Estonia, 2.16%. (who?)
Poland, 2%. (for this, you'll be invaded last)
France, 1.78%.
Turkey, 1.56%. (watch your back on Thanksgiving)
Norway, 1.54%.
Lithuania, 1.49%.
Romania, 1.48%.
Latvia, 1.45%.
Portugal, 1.38%.
Bulgaria, 1.35%.
Croatia, 1.23%.
Albania, 1.21%.
Germany, 1.19%. (Der Kaiser is rolling over in his grave)
Denmark, 1.17%.
Netherlands, 1.17%.
Slovakia, 1.16%.
Italy, 1.11%.
Czech Republic, 1.04%.
Hungary, 1.01%.
Canada, 0.99%. (cucks)
Slovenia, 0.94%.
Spain, 0.91%.
Belgium, 0.85%.
Luxembourg, 0.44%.

Related: Reuters.com

Reply Good karma+2 votes
Kalga Creator

You're missing all the less tangible variables though (generally known as the big picture). The USA's ability to launch invasions like the war in Iraq and Afghanistan is heavily based on the world wide logistic network of which NATO is a significant part. Many of these other countries serve as a force multiplier to the US armed force, making the whole much greater than the sum of its parts. Similar situation in Asia (in terms of containing the PRC).

The economic benefits for this global logistical network is a stable geo-political situation from which the USA can manipulate the markets to its advantage. The whole trade situation with the PRC? Arguably the USA gets the better end of the deal as PRC is stuck with ridiculous amount of pollution while the USA just have to deal with mild unemployment issues. Pretty good trade on the part of USA. (depending on the conspiracy theory, the USA back in the day manipulated markets to cause the "lost decade" of Japan and the Asian bank crash of the late 90s as spoiling moves to prevent significant economic rivals, if true, pretty slick moves).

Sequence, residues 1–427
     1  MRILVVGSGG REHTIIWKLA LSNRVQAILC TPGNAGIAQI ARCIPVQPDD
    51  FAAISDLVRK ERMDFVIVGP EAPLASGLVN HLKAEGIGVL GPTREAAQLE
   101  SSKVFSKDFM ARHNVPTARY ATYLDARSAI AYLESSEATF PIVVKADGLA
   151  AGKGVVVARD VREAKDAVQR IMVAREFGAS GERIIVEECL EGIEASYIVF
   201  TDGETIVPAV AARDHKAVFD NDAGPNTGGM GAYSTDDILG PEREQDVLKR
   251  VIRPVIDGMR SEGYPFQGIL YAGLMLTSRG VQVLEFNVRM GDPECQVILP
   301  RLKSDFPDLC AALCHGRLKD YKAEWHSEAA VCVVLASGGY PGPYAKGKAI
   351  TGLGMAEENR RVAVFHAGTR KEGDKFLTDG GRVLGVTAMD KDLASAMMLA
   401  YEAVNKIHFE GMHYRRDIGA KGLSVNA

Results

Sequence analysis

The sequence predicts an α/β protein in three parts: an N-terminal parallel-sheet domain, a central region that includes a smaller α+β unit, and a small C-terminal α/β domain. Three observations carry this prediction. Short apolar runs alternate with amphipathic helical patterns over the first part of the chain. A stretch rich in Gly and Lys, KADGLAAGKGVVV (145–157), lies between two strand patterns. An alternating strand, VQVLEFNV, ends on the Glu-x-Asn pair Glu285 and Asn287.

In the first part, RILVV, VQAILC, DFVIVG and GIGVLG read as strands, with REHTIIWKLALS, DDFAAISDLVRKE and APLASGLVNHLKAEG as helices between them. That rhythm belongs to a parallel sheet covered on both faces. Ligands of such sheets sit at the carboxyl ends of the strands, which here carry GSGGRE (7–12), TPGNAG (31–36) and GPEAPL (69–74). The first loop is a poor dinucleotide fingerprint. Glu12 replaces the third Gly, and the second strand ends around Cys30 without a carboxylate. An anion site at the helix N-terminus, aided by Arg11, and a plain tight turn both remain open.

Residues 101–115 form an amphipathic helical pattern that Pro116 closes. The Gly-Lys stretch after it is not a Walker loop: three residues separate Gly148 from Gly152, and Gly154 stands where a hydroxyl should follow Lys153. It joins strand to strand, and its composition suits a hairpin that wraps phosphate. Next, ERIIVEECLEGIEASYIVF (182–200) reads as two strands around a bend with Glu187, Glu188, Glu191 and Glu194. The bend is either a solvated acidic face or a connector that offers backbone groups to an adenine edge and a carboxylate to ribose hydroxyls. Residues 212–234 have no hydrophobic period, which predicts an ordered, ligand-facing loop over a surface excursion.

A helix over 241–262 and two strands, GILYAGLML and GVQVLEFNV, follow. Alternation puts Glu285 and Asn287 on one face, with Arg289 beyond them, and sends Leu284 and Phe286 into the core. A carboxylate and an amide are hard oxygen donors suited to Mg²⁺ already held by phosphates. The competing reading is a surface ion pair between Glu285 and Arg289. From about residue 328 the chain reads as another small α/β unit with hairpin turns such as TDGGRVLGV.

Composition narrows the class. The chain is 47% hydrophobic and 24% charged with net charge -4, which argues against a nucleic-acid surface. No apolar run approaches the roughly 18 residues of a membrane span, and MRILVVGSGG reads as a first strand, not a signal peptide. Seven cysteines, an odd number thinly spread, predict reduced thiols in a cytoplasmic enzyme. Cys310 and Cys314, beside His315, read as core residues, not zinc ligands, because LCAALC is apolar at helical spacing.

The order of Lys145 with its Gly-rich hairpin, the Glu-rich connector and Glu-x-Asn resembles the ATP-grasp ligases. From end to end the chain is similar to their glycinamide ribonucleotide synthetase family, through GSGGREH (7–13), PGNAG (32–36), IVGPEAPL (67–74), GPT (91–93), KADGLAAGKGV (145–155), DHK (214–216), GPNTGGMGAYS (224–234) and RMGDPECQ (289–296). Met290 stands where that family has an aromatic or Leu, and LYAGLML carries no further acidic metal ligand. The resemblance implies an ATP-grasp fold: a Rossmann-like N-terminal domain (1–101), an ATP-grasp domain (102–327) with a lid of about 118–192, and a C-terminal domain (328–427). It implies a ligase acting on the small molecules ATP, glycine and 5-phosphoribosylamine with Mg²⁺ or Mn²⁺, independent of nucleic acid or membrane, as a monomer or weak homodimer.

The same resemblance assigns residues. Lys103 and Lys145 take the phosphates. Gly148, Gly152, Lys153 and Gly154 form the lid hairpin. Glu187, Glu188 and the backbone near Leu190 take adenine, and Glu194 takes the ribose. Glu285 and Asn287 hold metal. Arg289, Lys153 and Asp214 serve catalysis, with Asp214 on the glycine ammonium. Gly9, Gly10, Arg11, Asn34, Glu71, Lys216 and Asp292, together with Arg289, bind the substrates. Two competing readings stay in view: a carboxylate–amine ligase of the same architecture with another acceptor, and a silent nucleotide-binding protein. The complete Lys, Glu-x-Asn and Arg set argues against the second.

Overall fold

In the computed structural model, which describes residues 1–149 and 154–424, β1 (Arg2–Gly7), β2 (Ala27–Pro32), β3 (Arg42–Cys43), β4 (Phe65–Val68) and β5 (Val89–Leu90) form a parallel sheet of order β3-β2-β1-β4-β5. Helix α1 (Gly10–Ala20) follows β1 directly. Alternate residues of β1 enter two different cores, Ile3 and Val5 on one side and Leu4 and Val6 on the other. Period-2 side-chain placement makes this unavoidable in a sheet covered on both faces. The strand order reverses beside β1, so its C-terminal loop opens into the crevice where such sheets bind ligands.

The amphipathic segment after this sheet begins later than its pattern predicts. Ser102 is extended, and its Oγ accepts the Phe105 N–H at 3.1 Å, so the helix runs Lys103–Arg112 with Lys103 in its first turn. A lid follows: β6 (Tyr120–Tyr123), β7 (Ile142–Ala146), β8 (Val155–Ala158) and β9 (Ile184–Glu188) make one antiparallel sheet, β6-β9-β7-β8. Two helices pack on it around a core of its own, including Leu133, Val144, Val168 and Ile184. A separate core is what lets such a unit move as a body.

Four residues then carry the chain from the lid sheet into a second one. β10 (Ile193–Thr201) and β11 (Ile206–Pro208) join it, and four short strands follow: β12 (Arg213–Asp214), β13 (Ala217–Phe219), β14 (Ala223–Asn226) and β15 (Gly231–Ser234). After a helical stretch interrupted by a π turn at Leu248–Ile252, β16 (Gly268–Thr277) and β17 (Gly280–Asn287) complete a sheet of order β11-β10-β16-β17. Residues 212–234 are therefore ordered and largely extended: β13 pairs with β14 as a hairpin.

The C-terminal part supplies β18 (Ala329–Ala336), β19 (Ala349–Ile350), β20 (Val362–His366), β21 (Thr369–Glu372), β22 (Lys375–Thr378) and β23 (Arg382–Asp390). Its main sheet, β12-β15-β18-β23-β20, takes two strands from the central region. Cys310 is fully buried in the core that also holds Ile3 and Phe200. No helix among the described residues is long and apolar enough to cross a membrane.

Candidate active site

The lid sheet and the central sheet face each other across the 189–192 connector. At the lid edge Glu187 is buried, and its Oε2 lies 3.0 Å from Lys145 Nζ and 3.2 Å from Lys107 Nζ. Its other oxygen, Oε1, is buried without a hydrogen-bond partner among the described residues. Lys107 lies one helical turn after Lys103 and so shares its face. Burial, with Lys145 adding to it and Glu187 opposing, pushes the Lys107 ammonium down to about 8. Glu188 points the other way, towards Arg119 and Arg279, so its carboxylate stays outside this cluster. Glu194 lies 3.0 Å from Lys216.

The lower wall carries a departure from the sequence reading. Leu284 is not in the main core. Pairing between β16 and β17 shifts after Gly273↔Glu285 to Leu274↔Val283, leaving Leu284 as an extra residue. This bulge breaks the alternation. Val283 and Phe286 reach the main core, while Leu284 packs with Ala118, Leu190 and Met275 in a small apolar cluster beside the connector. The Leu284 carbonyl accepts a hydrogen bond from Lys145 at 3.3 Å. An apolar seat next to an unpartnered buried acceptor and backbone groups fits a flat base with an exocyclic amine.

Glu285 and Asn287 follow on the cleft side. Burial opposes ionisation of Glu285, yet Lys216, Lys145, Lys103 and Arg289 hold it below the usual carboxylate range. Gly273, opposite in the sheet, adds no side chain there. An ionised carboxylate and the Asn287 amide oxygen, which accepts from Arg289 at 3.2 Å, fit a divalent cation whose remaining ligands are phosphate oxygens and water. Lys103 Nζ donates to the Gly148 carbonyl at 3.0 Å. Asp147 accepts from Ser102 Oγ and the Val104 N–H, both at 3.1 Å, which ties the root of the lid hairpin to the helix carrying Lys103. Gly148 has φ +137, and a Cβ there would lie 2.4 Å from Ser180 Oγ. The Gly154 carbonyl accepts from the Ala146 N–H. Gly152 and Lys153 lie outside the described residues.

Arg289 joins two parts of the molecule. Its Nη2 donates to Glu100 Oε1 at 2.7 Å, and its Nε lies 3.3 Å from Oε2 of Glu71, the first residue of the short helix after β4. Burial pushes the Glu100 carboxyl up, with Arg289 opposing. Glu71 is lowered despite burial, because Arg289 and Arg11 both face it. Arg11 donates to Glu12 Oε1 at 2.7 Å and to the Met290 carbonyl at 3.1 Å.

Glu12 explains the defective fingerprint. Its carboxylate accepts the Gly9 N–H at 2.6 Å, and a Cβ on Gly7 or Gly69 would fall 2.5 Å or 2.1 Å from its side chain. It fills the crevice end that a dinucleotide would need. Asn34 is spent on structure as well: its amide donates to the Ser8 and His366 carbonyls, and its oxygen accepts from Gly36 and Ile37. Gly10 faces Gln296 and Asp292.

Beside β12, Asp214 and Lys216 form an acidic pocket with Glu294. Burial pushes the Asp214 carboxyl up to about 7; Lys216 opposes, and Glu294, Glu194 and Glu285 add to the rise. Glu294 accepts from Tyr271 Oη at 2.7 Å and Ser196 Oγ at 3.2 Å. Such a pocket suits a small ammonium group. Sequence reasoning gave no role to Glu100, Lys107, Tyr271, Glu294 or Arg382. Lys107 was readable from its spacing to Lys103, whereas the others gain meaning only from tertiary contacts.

So yes, NATO gives the USA a lot of intangible benefits, which is why countries like Russia and PRC want to see it gone/roll back/dissolve. Of course for the most part such thoughts were nothing more than merely a pipe dream... until now.

Reply Good karma+1 vote
✧Joshua✧ Author

Ironically NATO and my country's Military has next to nothing to do with China's situation or Japan's Lost decade. I say ironically because thanks to our messed up currency we almost have to be involved in a conflict on a regular basis.

Anyways, a good deal doesn't lead down the road of unending debt. The trade situation with the PRC is complicated. They own most of the USA's debt, have taken the bulk of our manufacturing industry, and are even surpassing us in areas of trade. China ships 18% of its exports to the U.S. So the Chinese need the Americans to keep buying their products.